Posted by Katrina Roets at 10:00 AM
Friday, April 22, 2016
On her twentieth birthday, Andie Mitchell stepped on the scale and discovered that she weighed nearly 300 pounds. At 5' 9"--even knowing that she was big and hating herself for it--she was stunned. How had she gotten there? Without following wild diet trends, she lost 135 pounds over thirteen months and has kept it off for six years.
It Was Me All Along shares the at times heartbreaking, yet ultimately uplifting and motivating, story of how Andie kicked her habit of binge eating, which she developed during a traumatic childhood, and developed a healthy relationship with food, which she still loves to cook and enjoy.
Her story is at once familiar and inspiring to millions who have struggled with weight and self-image issues. Andie is a powerful motivator who bravely bares all to help others.
When I chose this book, I had no idea if I'd like it or not. Honestly, I get a little touchy about bloggers who have made it big. I haven't the slightest idea why. Perhaps I ought to look into that at some point. For now though, let me tell you about this book and the impact that it had on me.
Andie Mitchell and I could be food issue twins. As I was reading, it was as if I had sat down and just started writing. The difference is that she's already lost the weight and I'm still at that I eat to feel full..emotionally full...and finding ways to come to terms with my past so that I can move on to the future.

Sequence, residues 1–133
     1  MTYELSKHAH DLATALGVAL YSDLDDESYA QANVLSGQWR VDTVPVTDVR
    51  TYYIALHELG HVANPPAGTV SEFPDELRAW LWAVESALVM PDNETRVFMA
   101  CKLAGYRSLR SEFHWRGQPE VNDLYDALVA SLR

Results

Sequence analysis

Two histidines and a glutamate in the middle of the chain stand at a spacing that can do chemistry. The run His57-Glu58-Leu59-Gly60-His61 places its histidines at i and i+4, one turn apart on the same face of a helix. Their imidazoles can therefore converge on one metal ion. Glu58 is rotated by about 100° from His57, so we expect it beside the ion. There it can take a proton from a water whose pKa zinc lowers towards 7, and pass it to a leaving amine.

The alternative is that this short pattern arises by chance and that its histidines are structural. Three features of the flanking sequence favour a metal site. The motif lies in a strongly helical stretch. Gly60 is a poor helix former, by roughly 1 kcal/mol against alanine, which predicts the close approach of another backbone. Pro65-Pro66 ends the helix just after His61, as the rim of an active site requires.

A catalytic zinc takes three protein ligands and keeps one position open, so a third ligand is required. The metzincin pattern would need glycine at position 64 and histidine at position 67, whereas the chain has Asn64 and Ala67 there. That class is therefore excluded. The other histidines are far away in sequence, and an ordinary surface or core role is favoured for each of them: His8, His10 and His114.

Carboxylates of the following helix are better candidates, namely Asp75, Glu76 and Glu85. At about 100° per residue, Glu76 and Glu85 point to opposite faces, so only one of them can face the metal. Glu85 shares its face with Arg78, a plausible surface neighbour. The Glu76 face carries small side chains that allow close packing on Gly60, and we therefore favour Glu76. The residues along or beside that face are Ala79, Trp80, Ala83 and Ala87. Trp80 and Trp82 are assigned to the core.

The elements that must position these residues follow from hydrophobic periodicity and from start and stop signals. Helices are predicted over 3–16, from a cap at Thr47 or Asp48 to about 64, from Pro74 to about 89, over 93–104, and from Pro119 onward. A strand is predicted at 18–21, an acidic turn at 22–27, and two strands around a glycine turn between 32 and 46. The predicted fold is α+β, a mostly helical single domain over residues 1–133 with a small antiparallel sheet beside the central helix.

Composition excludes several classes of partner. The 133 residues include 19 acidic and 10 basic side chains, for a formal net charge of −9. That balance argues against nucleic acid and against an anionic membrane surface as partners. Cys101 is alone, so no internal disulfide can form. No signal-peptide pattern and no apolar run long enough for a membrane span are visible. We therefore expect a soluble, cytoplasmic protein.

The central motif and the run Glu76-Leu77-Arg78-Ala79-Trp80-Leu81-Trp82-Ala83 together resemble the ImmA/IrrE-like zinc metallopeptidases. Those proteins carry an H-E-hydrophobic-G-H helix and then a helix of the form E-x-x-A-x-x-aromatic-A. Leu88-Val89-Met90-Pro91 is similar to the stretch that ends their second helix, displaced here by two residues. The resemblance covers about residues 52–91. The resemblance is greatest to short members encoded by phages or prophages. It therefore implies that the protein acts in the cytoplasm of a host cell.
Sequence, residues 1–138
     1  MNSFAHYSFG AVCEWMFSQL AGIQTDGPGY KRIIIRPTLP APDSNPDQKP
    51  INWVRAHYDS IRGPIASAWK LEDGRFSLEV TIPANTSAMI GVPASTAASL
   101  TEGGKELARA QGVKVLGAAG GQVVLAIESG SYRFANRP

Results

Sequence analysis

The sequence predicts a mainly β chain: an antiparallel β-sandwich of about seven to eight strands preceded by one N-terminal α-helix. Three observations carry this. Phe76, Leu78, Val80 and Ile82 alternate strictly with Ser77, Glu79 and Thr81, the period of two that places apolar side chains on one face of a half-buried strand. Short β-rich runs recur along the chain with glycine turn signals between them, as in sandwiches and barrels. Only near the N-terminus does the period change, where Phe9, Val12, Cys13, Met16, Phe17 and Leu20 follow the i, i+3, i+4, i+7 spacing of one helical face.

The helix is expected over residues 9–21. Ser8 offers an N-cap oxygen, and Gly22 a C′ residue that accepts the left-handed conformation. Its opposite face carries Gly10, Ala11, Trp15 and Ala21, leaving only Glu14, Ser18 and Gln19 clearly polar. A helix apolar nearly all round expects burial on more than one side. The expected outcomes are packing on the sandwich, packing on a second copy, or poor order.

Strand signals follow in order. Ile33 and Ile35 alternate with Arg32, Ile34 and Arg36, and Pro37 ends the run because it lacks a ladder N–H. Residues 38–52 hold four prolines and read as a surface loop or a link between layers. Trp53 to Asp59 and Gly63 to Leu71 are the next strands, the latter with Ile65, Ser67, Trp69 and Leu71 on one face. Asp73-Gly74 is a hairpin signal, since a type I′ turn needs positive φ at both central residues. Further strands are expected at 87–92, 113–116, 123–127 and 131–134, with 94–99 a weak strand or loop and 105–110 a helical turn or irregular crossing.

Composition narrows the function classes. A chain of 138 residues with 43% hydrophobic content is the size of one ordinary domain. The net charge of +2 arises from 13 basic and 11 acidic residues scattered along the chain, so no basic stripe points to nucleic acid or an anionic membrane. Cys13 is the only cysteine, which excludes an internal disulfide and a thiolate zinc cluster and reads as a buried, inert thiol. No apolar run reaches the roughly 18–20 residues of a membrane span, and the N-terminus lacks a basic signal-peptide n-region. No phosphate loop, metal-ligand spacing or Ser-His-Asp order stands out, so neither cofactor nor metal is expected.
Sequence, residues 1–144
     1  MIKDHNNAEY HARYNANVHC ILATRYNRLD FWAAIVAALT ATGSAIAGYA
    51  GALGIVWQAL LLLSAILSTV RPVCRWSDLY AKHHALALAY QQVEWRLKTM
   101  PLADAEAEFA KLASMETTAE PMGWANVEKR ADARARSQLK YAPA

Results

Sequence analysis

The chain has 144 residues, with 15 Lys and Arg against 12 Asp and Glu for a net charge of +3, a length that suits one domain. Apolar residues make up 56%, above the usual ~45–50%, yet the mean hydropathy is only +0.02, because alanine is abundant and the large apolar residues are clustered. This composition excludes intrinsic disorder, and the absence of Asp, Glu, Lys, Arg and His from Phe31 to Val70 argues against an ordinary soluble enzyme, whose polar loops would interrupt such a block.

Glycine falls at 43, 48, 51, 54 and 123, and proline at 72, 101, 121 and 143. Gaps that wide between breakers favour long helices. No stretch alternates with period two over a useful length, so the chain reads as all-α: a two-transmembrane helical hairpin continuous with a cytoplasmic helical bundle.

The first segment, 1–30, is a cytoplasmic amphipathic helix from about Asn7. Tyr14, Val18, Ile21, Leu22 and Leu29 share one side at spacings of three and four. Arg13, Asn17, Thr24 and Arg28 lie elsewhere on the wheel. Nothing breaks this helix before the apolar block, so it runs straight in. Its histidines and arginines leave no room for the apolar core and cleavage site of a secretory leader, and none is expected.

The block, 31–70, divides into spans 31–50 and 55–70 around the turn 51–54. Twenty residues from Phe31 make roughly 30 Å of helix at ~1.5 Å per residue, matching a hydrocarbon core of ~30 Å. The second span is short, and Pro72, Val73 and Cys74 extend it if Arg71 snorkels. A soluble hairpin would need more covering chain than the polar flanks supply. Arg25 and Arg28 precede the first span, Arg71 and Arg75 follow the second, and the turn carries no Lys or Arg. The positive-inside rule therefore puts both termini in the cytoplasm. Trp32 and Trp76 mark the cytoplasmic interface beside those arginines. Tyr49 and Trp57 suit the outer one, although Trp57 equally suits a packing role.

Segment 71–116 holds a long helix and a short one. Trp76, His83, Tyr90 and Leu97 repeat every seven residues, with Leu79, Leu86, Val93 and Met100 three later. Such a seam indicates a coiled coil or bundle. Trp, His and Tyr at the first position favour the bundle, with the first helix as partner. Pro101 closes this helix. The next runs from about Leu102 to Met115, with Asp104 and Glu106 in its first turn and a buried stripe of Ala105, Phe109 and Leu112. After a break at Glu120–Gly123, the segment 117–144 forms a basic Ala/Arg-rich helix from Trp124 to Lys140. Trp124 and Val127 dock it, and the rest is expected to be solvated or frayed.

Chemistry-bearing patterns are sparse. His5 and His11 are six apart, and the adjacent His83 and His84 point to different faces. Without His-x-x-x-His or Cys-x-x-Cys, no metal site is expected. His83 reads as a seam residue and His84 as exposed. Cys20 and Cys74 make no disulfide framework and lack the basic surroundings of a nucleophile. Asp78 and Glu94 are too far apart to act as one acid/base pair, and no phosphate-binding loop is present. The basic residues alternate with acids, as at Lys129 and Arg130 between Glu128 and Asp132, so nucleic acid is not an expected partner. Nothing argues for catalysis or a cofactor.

Honestly, this whole review could turn into a post about my own relationship with food and the people in my world, but I don't want that (stay tuned though, that post is most likely coming). What I want to say is that Andie writes like a real person. She's honest about the good, the bad, and the ugly. She doesn't pull punches or spend an entire book making excuses or feeling sorry for herself. She's real and that clicked with me.
There aren't enough words in my vocabulary to tell you just how much I think you should read this book, especially if you've ever (or currently) have food issues, eating disorders, or are struggling. Andie, in her realness, gives her readers another kernel of hope and sometimes there is nothing more valuable.
I received a copy of this book for the purpose of this review. All thoughts, comments, and opinions are my own.
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